We are also setting a lower budget and sticking with it. Instead of buying for each family member those of us that are getting together drew names, set a reasonable gift max dollar amount and will just buy for 1 instead of all, which will really help. Honestly, we’ve struggled with buying for some of these folks for years because they have everything they need and most of what they want! Same with our kiddos; because they are older elementary to high school they’re at an age where we can talk to them and set expectations about how Christmas will look a little different this year, but they fully understand it and are on board.

  • Reply Julene |

    I think the kids will be fine. Isn’t mom guilt the worst feeling sometimes though? I would make sure they know that you are making adjustments to gift giving simply so that they can learn from your examples. I think the most valuable financial learning is first hand experience. If they see you making sacrifices, they will appreciate the things you do a bit more. You could tell yourself that if things come out okay financially, maybe on your next travels you could give you kids a bit more souvenir money or something like that.

  • Reply Julene |

    One other thing you could do is make gift certificates of time. Maybe one for a family game night, ice cream sundae night, or one-on-one time with an activity they choose, etc. These are almost free and sometimes are what they really remember.

  • Reply Den |

    I don’t think kids really care how much you spend, but they do care what you spend it on. Get them each one thing they really want and they will be happy.

    Also, bargain shopping helps stretch those Christmas dollars. My kids don’t need to know that I got that $40 toy for $15 on sale:) I also got them each a new pillow for Christmas one year (about $5 each) and the size of the wrapped pillows made the tree seem very full of gifts LOL.

    • Reply Cwaltz |

      Some of the most memorable Christmases I have are not ones with huge gift piles but ones with memories of new traditions. Christmas pajamas anyone? I can’t remember how old your kids are but at Christmas the motto in our house became “something they want, something they need, something they will wear and something to read” every year to help with expectations. Christmas is not supposed to be about “stuff” its supposed to be about hope and joyous memories made by giving ourselves to others(The way God gave His son to us. )Bake some banana bread, or dip pretzels with the kids for family gifts. Enlist them in helping you give to others if they are older while still keeping a budget in place. Kids are amazingly resilient and as someone above said, most of us can only name one or two items we got as gifts for Christmas over our eighteen years as children anyway. Enjoy the gift of time with your family. It may not feel like it when the kids are having you consider pulling your hair out with boredom and fighting but the best gift children can receive is one of time, attention and love.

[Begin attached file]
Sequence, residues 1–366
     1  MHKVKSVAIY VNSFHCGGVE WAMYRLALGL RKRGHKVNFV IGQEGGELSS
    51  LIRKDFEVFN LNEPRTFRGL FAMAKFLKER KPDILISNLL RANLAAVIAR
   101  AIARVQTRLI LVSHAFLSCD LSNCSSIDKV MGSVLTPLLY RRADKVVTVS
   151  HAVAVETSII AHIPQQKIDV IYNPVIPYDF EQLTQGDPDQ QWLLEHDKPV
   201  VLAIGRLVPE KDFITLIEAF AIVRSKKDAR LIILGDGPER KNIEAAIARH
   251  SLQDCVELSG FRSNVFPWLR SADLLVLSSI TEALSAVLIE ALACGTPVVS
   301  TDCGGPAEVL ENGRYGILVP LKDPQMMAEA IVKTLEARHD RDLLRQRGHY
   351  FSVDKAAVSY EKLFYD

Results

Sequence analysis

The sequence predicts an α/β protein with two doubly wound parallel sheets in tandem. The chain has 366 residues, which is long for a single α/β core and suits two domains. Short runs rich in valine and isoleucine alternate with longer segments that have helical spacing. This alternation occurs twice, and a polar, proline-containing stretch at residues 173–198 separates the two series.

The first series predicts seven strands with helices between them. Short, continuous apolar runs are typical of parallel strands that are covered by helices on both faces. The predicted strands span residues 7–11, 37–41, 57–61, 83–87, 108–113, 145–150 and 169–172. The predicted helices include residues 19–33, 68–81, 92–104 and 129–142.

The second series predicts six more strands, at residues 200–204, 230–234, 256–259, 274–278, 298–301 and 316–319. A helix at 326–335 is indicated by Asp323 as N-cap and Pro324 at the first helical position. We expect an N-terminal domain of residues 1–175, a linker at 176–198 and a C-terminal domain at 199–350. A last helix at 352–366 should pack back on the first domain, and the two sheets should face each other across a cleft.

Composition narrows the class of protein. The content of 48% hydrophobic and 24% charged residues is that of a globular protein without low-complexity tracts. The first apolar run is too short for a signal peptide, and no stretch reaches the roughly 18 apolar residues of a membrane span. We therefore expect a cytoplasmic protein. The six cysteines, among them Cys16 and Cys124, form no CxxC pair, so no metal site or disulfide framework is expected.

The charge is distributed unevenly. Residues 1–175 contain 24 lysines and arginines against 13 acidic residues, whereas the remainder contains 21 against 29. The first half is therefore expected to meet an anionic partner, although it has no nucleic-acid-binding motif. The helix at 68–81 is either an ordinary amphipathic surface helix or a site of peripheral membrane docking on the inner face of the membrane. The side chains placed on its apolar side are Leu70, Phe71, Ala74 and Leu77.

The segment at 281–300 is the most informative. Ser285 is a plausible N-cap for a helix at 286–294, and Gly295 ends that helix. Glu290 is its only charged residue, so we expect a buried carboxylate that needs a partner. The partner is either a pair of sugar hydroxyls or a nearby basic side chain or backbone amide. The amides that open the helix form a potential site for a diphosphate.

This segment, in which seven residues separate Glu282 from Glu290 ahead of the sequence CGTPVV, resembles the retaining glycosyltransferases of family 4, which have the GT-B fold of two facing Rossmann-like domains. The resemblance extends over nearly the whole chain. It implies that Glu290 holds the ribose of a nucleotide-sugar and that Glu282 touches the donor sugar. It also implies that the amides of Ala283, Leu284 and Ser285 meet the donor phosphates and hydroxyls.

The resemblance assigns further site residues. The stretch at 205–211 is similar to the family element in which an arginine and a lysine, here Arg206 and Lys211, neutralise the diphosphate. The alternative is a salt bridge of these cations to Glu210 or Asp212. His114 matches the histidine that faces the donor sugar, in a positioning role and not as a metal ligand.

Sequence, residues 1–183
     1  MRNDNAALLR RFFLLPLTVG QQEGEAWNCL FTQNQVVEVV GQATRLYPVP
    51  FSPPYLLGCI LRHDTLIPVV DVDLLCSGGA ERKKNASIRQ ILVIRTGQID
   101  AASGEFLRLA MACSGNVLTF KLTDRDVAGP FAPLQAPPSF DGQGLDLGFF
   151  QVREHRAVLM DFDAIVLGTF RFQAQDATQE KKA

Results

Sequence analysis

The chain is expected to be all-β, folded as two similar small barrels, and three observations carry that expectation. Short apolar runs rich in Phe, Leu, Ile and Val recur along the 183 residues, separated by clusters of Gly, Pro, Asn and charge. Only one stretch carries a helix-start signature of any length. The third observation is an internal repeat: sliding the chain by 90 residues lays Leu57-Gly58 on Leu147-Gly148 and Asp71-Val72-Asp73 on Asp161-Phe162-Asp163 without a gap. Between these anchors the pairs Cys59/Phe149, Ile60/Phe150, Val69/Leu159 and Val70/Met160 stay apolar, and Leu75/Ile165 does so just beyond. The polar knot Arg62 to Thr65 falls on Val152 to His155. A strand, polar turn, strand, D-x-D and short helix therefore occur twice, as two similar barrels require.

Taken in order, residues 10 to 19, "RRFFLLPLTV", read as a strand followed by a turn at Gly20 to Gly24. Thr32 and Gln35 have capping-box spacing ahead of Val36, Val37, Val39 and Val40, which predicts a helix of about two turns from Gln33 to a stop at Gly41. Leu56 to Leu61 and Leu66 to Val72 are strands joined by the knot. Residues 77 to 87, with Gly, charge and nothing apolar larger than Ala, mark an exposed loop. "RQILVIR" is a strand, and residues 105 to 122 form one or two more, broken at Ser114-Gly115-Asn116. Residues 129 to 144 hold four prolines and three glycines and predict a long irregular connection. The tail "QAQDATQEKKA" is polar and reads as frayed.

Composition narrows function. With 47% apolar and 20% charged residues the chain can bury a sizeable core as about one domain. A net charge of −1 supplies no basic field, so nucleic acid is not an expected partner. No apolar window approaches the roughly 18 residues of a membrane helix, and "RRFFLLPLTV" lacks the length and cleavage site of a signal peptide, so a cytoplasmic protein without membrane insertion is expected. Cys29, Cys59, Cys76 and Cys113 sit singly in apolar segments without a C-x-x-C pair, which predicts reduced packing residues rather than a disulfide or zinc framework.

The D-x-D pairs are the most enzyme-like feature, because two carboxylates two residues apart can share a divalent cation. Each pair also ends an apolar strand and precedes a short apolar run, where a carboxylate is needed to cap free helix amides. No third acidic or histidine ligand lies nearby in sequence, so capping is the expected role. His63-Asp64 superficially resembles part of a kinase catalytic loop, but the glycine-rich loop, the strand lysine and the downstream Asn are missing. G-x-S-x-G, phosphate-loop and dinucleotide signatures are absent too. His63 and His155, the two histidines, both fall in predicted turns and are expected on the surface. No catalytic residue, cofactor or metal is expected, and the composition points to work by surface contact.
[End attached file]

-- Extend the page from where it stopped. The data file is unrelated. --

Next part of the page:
• Reply Joe |

    I realize I’m less sentimental than most, but you summed it up so succinctly yourself: if your long term financial stability is at all in question, do what you need to ensure that! The most important Christmas memories will never be defined by how much money went into procuring “stuff”.

  • Reply jj |

    $100 USD on 6 kids in my family every Christmas would have been super tough – kudos to your parents. I think a smaller Christmas for many is in the cards, and that is OK! Think about all the other things you have given your kids throughout the year, and all the other years. Release on your mom guilt, you are doing wonderfully this year.

So, what do you think ?